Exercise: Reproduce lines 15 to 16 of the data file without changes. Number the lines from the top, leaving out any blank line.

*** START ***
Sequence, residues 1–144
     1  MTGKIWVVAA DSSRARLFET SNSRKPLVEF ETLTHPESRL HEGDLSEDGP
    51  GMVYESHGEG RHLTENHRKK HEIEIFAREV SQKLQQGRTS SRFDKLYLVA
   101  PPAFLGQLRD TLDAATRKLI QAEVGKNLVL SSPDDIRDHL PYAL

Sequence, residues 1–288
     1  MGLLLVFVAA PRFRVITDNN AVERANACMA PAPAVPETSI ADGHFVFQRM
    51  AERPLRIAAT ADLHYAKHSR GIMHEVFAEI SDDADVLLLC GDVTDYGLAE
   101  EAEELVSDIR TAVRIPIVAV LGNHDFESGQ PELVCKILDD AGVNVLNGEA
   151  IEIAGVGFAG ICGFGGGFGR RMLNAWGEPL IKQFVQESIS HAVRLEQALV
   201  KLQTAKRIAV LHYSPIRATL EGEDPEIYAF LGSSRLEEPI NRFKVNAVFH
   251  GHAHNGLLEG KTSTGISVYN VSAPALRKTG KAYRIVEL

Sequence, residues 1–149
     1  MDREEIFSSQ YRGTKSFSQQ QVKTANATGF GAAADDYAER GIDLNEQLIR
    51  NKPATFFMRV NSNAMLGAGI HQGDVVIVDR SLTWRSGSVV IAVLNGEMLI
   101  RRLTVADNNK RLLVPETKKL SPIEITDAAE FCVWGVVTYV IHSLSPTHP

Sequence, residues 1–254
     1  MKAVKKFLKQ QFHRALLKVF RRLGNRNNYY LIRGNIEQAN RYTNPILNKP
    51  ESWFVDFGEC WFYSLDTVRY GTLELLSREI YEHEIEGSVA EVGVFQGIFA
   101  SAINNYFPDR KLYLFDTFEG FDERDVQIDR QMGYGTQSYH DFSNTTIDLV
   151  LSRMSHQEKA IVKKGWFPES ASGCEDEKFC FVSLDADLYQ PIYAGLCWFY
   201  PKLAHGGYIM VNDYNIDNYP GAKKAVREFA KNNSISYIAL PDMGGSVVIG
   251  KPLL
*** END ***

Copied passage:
   101  RRLTVADNNK RLLVPETKKL SPIEITDAAE FCVWGVVTYV IHSLSPTHP

Sequence, residues 1–254